The world of The Witcher is a filthy and depressing place by design. If you’re not being conquered by foreign armies or robbed by bandits, you’re being haunted by ghosts or eaten by trolls. But, it appears some of that unpleasantness has spilled into the real world, as the author of the original book series has gotten into a bit of a legal spat with CD Projekt RED.
Shortly before CD Projekt RED started producing the first game, the books had received an abysmal live-action adaptation in the form of The Hexer. So, when the company approached author Andrzej Sapkowski for the rights to make the game, he assumed it would bomb like the show and opted for a lump sum instead of a percentage. Now, Sapkowski feels he was shortchanged and is pursuing legal action to get the money he feels he deserves.
Earlier today, CD Projekt RED announced it received an “official demand of payment” by plenipotentiaries (a term usually reserved for ambassadors) who represent Sapkowski. According to the company, the demands are “groundless” since the studio “legitimately and legally acquired copyright to Mr. Andrzej Sapkowski’s work,” but the plenipotentiaries and their demand (which thankfully has been translated into English) claim the original agreement only applies to the first game, not the second and third. Right now, Sapkowski and his plenipotentiaries are seeking the “standard royalty rates” of 5-15% of the profits, which would amount to 60,000,000 Polish Zlotys, or about $16,000,000.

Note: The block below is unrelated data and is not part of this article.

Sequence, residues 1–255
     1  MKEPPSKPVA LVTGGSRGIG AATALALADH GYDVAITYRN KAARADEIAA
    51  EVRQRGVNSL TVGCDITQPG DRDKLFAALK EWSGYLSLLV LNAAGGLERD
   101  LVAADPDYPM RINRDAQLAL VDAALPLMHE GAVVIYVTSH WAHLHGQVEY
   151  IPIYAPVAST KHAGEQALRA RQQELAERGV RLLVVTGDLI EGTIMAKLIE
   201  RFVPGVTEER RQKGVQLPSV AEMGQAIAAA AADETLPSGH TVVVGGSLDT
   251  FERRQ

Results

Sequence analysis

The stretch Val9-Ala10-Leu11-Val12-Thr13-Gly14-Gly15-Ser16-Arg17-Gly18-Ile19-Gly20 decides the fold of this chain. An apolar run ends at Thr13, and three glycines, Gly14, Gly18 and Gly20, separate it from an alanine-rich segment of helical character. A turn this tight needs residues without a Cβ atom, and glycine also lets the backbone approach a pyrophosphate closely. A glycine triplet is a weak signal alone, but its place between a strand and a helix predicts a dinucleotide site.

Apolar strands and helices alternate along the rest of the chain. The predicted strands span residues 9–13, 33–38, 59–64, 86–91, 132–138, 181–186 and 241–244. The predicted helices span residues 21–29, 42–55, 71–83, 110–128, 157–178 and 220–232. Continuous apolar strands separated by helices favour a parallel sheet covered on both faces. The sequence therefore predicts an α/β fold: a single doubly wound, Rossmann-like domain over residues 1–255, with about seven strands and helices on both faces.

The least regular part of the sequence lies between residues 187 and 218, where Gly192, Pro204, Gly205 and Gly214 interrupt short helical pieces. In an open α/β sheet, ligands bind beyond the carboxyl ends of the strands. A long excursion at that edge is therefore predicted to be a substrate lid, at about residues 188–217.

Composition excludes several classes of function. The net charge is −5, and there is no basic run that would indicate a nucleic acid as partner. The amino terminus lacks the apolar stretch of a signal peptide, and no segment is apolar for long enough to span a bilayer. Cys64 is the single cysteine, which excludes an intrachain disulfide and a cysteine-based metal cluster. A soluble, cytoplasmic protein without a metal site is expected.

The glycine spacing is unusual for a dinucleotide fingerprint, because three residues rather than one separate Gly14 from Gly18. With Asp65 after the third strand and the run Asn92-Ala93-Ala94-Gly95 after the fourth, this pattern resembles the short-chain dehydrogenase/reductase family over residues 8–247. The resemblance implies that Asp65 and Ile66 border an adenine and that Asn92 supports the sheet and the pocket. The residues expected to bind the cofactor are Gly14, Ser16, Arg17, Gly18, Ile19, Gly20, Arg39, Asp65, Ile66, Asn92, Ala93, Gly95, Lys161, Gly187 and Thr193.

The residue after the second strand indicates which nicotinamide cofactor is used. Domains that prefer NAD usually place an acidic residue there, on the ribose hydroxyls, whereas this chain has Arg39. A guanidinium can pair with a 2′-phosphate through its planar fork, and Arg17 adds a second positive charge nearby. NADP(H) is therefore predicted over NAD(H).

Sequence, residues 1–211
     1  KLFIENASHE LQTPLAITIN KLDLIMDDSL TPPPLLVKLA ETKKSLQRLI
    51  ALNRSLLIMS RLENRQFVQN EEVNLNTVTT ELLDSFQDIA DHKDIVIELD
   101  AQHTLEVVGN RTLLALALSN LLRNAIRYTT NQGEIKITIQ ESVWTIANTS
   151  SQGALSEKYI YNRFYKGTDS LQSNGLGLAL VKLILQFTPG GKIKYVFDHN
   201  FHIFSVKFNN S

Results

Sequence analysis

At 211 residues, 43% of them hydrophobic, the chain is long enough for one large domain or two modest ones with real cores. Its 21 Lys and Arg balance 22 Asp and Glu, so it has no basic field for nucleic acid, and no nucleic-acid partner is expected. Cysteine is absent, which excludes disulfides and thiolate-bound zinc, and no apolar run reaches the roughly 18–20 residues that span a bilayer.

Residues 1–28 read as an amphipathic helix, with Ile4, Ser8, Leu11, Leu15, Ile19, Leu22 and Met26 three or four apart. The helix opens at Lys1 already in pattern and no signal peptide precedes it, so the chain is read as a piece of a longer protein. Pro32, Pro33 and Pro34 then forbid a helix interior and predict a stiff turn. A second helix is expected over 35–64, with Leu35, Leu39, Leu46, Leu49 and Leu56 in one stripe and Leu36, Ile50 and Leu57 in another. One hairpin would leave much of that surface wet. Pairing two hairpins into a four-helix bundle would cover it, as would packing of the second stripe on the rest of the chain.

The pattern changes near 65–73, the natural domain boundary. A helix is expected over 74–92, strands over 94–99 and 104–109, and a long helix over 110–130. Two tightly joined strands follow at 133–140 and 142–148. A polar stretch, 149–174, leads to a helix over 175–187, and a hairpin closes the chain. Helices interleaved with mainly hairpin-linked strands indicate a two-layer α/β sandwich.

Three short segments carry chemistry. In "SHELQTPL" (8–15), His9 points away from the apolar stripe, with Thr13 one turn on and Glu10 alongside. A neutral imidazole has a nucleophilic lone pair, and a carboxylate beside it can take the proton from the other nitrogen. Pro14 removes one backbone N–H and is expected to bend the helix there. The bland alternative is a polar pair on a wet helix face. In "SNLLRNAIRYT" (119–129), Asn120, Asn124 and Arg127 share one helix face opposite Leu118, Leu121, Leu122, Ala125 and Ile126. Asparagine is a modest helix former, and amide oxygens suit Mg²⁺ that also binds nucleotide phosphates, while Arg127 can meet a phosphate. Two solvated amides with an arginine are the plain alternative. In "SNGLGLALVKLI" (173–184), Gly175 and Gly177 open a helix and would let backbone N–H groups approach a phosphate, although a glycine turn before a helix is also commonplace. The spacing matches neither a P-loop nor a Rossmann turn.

While CD Projekt RED wishes to “maintain good relations” with Mr. Sapkowski and “ensure amicable resolution of this dispute,” it maintains it did nothing wrong. Plus, one must wonder what took Sapkowski so long. After all, the first The Witcher game came out in 2007, which means the game franchise is over a decade old.
We will keep our ears to the ground for further developments in this story.